Brown caused Brexit: Ex-PM’s ‘five tests’ sparked eurosceptic surge, claims Boris’s sister

Gordon Brown: It’s irresponsible to talk about a referendum

The five tests were to be used to assess the UK’s readiness to join the Economic and Monetary Union of the European Union (EMU), which would have seen the country adopt the euro as its official currency. The first tests were: “Are business cycles and economic structures compatible so that we and others could live comfortably with euro interest rates on a permanent basis? If problems emerge is there sufficient flexibility to deal with them?

“Would joining EMU create better conditions for firms making long-term decisions to invest in Britain?

“What impact would entry into EMU have on the competitive position of the UK’s financial services industry, particularly the City’s wholesale markets?

“In summary, will joining EMU promote higher growth, stability and a lasting increase in jobs?”

When the Labour Party Government led by then-Prime Minister Mr Brown was voted out of office in the 2010 general elections, these tests ceased to be Government policy.

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But writing for British pro-EU weekly newspaper The New European, the Prime Minister’s sister, Rachel Johnson, claimed Ed Balls, who served as Shadow Chancellor of the Exchequer from 2011 to 2015, played a large part in Brexit occurring.

Mr Balls had been an advisoer to Shadow Chancellor Mr Brown in 1994, and continued this role after Labour won the general election in 1997, eventually becoming the Chief Economic Advisor to the Treasury.

Ms Johnson wrote: “Having nothing else to do I watched Iain Martin, the reasonable voice of EU-scepticism on the Times, interview Robert Tombs, the acceptable and increasingly fashionable face of Leave in academia, on a Zoom event organised by Reaction.

“Apart from a diversion into vaccine nationalism it was a run-around Tombs’ thesis that the EU is another country, they do things differently there, and that joining was a compass error – ie the longer we travelled on our path together the further away from the UK’s desired destination we found ourselves, trade was dropping, as was enthusiasm for the project, und so weiter.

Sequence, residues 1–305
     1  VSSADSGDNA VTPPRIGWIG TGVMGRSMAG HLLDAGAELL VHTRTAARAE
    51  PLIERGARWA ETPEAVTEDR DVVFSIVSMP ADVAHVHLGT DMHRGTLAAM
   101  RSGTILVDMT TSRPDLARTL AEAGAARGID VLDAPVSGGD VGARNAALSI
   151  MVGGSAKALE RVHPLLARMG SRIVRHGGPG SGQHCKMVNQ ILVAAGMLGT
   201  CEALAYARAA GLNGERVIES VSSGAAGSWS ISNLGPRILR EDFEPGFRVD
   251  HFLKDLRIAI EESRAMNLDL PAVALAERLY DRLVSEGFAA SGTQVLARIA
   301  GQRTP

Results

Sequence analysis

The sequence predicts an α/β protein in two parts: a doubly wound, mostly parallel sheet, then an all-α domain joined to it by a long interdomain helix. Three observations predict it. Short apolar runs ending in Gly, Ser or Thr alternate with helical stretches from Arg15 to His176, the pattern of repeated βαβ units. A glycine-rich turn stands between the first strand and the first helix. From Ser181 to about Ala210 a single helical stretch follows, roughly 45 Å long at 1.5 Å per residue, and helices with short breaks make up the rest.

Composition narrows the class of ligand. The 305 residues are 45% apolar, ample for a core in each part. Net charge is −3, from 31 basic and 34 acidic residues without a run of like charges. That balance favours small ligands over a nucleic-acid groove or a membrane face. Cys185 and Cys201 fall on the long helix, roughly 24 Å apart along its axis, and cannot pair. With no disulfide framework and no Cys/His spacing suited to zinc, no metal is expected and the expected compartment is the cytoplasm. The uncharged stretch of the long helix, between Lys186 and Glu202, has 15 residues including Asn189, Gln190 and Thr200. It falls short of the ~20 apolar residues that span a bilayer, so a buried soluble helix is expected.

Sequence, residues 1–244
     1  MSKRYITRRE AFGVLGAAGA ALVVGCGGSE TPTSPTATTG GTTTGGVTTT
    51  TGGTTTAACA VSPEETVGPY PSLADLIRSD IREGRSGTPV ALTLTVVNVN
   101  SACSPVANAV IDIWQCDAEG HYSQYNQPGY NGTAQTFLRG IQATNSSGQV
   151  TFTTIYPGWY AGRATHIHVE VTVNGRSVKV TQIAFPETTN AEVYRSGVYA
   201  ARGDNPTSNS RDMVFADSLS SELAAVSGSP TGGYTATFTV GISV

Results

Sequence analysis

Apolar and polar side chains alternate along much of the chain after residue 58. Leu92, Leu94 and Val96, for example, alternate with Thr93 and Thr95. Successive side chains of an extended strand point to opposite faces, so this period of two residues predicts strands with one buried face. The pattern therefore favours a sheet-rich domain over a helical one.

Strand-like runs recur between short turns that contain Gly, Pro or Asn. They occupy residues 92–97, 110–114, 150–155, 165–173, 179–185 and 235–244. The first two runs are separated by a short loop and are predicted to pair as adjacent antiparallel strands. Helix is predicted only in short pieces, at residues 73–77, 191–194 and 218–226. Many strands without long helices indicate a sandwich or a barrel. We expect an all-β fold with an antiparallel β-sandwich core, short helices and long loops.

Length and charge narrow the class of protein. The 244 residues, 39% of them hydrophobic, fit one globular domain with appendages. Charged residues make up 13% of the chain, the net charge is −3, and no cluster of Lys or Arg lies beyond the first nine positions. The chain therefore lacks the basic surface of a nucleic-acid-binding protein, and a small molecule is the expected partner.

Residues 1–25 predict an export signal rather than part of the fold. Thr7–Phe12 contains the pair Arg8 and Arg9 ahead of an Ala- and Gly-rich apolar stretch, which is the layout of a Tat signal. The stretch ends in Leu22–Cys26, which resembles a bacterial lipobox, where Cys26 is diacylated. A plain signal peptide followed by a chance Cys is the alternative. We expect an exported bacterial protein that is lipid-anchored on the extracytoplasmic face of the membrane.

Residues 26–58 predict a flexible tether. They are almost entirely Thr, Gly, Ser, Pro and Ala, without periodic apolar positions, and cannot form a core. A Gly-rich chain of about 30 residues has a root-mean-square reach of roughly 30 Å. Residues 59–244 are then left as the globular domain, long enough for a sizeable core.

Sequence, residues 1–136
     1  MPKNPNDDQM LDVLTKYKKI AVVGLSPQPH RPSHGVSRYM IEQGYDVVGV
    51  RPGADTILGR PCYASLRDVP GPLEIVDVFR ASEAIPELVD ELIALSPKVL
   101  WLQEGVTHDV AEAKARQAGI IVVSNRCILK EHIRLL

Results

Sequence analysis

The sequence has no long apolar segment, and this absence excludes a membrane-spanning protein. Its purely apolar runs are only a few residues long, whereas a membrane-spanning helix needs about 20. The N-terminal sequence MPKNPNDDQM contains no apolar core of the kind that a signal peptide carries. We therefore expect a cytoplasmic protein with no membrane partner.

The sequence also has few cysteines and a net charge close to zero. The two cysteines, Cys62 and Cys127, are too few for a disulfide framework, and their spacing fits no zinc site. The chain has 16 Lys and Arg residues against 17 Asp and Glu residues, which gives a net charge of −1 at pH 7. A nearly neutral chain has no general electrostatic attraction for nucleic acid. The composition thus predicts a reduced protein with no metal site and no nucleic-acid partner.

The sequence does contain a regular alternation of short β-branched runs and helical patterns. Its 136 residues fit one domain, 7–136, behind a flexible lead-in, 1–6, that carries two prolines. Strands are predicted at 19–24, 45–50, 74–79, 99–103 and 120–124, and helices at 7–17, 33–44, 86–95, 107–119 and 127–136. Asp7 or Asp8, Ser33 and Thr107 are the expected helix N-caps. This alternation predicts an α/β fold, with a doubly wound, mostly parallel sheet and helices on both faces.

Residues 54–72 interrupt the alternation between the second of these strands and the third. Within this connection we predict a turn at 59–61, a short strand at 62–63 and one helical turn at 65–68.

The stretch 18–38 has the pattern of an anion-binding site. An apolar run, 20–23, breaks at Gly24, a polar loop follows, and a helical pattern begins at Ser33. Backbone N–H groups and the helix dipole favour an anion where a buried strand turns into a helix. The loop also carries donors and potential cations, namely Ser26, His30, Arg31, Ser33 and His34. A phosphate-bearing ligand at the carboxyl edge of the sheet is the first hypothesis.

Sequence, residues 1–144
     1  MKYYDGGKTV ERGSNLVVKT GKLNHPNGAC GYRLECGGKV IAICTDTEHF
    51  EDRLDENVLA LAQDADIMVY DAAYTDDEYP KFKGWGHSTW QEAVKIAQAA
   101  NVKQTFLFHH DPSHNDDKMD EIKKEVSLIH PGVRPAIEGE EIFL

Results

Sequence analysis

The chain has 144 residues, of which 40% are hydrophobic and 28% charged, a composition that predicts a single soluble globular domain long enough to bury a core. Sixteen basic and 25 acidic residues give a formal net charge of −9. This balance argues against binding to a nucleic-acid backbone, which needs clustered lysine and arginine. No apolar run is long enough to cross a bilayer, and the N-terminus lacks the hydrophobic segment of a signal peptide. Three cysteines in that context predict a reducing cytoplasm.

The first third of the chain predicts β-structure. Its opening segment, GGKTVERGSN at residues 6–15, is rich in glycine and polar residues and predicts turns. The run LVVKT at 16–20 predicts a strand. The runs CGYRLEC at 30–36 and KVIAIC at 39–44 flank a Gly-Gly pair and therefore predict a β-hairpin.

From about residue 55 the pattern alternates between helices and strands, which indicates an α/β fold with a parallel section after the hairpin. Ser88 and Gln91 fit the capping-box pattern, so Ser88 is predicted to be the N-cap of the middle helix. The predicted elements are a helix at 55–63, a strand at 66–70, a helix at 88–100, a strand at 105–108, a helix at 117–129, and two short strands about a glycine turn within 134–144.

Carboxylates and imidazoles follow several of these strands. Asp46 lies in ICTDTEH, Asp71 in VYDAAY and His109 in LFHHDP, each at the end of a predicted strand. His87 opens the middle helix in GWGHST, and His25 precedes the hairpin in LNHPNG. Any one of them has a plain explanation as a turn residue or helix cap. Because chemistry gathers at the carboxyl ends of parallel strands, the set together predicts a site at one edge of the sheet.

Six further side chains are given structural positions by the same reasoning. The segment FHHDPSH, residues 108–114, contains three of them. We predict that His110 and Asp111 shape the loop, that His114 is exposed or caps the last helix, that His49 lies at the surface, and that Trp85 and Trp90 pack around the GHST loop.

“Tombs is a rara avis who recognises the 2016 referendum was inevitable, because in our case it was possible: we were not part of the Euro and a vote to leave wouldn’t crash the financial system.

“Forget David Cameron, then, and his failed renegotiation!

“As Tombs spoke, I realised who was ultimately responsible for Brexit (nerds will remember we didn’t join the Euro because the “five tests” designed by chancellor Gordon Brown’s special adviser, a former leader writer on the FT).

“You guessed. It was none other than my kitchen nemesis, Ed Balls. Small – and strange – old world.”

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Last month, Mr Brown warned current Prime Minister Mr Johnson he must quickly reform the Union or risk the UK becoming a “failed state”.

The former Prime Minister urged the Conservative Party leader to establish a commission on democracy to review how the UK is governed.

Writing in The Daily Telegraph, Mr Brown said: “The choice is now between a reformed state and a failed state.”

“The commission will discover that the United Kingdom urgently needs a forum of the nations and regions that brings them and Boris Johnson together on a regular basis.

“No country can have national integration without political inclusion, and the commission might start by learning from the experience of countries like Australia, Canada, Germany and America where, partly because of British influence in times past, second chambers are senates of their regions, and minorities who can easily be outvoted are guaranteed a stronger voice.”

Scotland’s First Minister Nicola Sturgeon has continued to campaign for a second referendum on Scottish independence – more than six years after the country voted to remain part of the UK.

But Mr Johnson has repeatedly rejected those calls and said the result from the referendum in 2014 must be honoured.

This saw Ms Sturgeon last month accuse the Prime Minister of being “frightened of democracy” as she vowed to seek a “legal referendum” on Scottish independence.

Scotland’s First Minister claimed Mr Johnson “fears the verdict and the will of the Scottish people” over his refusal to agree to another independence vote.

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